Duck you sucker! Two scenes from the film were shot in Toners pub on Baggot street. Both scenes covered the same event in the film, but show different angles on it.
Sergio Leone again blew minds with his take on the Mexican Revolution. The trilogy was created to show three main historical times in history, this one with the Mexican Revolution. The soundtrack to this composed by Ennio Morricone is a lot more like Once Upon A time In America, and generally has a different feel to it, but still keeps true to Leone's western style.
The Wild Bunch famously opened with a montage intercutting the eponymous, doomed bandits arriving in town with images of children dumping a scorpion into the midst of a hill of fire ants, poking at the desperate scorpion as it was slowly consumed. Director Sam Peckinpah was spelling out his themes quickly, establishing at once that while this film would take a decidedly distinct track in how it approached the Western myth, it was no less mythic for that. Leone had rendered the West truly mythic with his Dollars trilogy, only to shred that work with Once Upon a Time in the West.
According to the preeminent Leone expert Sir Christopher Frayling, in an informative audio commentary included in a new Blu-ray edition of the film from Kino Lorber Studio Classics under its second U. When the picture reached the U. Leone thought it was a common colloquialism in America.
Duck, You Sucker! After they accidentally meet under less-than-friendly circumstances, Juan and John involuntarily become heroes of the Revolution despite being forced to make heavy sacrifices. In Revolution -torn Mexico, Juan Miranda, a Mexican outlaw leading a bandit family, robs a coach of wealthy men and rapes a female passenger who insulted him.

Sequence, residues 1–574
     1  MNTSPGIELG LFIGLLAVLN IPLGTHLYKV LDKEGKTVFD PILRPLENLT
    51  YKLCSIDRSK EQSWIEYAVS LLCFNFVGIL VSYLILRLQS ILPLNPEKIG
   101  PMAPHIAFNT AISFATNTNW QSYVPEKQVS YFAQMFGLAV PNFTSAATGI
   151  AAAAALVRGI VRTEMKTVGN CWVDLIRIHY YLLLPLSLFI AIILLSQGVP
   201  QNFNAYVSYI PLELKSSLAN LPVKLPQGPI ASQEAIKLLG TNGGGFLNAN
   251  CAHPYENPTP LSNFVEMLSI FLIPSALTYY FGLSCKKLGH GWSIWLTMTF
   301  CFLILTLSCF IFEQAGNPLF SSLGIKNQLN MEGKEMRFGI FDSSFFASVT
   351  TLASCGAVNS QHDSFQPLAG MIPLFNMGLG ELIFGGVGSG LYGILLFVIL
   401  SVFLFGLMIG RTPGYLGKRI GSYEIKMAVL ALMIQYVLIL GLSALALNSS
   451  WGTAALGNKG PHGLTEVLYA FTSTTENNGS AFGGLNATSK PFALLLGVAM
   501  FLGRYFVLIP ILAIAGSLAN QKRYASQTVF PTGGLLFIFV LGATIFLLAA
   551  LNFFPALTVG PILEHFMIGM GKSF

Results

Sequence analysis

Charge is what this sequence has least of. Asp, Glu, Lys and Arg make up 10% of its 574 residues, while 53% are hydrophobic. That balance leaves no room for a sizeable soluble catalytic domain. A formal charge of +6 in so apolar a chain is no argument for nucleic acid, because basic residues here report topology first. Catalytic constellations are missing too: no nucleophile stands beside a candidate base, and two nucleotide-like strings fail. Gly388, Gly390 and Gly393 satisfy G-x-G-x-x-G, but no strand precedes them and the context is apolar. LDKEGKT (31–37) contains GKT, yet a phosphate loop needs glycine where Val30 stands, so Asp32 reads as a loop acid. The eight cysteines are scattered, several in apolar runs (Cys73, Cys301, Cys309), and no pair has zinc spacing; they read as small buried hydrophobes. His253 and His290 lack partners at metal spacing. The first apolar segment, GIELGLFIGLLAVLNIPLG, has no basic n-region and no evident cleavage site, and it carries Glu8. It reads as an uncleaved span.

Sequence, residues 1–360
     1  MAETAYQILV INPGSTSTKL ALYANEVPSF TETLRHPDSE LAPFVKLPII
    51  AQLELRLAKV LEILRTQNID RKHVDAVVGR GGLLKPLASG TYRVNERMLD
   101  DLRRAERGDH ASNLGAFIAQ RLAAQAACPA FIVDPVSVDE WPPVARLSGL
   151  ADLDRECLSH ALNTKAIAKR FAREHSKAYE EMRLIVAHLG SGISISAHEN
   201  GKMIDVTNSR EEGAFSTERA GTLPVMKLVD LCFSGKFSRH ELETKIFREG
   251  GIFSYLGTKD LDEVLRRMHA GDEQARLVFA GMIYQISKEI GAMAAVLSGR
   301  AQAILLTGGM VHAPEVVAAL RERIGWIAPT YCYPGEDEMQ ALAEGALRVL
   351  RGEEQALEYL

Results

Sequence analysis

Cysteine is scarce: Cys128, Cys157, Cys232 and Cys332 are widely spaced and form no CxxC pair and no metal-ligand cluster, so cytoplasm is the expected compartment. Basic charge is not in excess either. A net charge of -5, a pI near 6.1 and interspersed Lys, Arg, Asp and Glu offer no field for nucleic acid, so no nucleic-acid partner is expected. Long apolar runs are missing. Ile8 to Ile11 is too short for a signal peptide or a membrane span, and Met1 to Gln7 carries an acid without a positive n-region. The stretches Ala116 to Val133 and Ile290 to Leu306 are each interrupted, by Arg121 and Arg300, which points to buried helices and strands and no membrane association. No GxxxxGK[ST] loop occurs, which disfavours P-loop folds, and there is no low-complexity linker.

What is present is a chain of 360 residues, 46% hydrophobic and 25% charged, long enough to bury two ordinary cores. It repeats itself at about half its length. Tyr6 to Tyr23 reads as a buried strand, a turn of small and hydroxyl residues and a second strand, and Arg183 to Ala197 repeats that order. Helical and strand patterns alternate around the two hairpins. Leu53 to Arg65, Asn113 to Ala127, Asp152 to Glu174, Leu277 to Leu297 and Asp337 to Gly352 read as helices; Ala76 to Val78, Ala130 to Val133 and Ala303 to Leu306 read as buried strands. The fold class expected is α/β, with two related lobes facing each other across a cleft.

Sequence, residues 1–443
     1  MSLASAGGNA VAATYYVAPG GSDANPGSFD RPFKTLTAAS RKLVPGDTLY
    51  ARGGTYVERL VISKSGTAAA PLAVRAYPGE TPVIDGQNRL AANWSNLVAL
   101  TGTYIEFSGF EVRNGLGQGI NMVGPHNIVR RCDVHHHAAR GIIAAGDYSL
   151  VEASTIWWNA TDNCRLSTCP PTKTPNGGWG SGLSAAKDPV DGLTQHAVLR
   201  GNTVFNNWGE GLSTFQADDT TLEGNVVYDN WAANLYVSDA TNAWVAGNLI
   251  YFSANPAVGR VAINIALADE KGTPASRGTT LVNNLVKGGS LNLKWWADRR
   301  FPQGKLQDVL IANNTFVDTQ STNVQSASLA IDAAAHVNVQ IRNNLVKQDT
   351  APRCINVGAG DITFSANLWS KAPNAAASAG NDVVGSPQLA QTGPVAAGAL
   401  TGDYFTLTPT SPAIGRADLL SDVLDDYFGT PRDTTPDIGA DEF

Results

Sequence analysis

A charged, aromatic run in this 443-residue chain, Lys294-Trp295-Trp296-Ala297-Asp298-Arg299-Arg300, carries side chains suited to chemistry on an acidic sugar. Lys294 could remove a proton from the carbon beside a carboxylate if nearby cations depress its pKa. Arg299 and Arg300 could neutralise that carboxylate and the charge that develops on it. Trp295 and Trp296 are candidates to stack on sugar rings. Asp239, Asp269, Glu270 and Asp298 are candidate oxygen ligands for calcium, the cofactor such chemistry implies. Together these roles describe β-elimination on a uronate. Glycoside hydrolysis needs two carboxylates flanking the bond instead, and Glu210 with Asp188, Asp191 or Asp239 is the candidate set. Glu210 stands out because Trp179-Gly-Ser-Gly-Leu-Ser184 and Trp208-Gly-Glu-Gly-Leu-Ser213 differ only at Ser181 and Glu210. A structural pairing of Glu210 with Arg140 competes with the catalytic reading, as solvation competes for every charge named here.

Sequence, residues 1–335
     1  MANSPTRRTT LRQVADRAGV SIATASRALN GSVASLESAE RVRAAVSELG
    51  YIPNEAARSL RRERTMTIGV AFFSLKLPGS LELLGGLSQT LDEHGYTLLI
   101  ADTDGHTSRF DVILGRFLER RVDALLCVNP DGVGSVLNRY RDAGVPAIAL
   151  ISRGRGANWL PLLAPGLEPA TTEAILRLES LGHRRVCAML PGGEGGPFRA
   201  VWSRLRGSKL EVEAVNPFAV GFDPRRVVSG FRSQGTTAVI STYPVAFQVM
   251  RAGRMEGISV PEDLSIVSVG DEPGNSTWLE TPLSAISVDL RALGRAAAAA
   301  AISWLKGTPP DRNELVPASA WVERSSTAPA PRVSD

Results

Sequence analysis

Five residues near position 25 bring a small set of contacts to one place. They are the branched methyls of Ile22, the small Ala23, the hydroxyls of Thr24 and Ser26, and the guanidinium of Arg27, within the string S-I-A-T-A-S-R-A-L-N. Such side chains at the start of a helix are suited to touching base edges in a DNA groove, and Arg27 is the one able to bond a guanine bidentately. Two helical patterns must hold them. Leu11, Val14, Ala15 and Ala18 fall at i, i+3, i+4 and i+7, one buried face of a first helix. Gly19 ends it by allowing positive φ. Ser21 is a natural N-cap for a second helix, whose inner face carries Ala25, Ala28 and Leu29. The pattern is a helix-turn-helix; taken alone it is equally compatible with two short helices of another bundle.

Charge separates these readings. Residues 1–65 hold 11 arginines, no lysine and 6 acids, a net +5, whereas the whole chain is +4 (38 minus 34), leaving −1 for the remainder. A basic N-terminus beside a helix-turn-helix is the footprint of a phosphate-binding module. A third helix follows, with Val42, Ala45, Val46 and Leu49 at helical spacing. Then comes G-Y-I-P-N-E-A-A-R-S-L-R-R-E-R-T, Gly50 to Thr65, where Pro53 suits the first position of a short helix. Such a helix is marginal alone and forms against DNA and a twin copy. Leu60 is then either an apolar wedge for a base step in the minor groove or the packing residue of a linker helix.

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Juan Miranda Steiger is a cigar-chomping, salt-of-the-earth peasant with a Robin Hood heart. John Mallory Coburn is a dynamite-tossing Irish revolutionary who has fled to Mexico to practice his skills. Together, they're a devilishly volatile mix of anti-establishment philosophies and violent tendencies as they attempt to liberate political prisoners, defend their compatriots against a well-equipped militia, and risk their lives on a train filled with explosives.
From Sergio Leone, the acclaimed director of A Fistful of Dollars, For a Few Dollars More, The Good, the Bad and the Ugly and Once Upon a Time in the West comes his final western--a relentlessly entertaining film that teams an Irish explosives specialist with a Mexican peasant-turned-revolutionary leader with thunderously explosive results. Together, they're a devilishly volatile mix of anti-establishment philosophies and violent tendencies as they attempt to liberate political prisoners, defend their compatriots against a well-equipped militia, and risk their lives on a train filled with explosives. For publicity assistance and press inquiries please contact us by emailing dninh kinolorber.
Mallory also happens to be a demolitions expert with enough explosives to level a mountain. Despite a rather heated, if ultimately non-fatal, first meeting, Miranda seemingly enlists the Irishman's talents in order to fulfill his life's ambition: robbing the Mesa Verde national bank. Unfortunately for Juan, the entire heist is an elaborate ruse and John is simply using him to further the revolution's aims.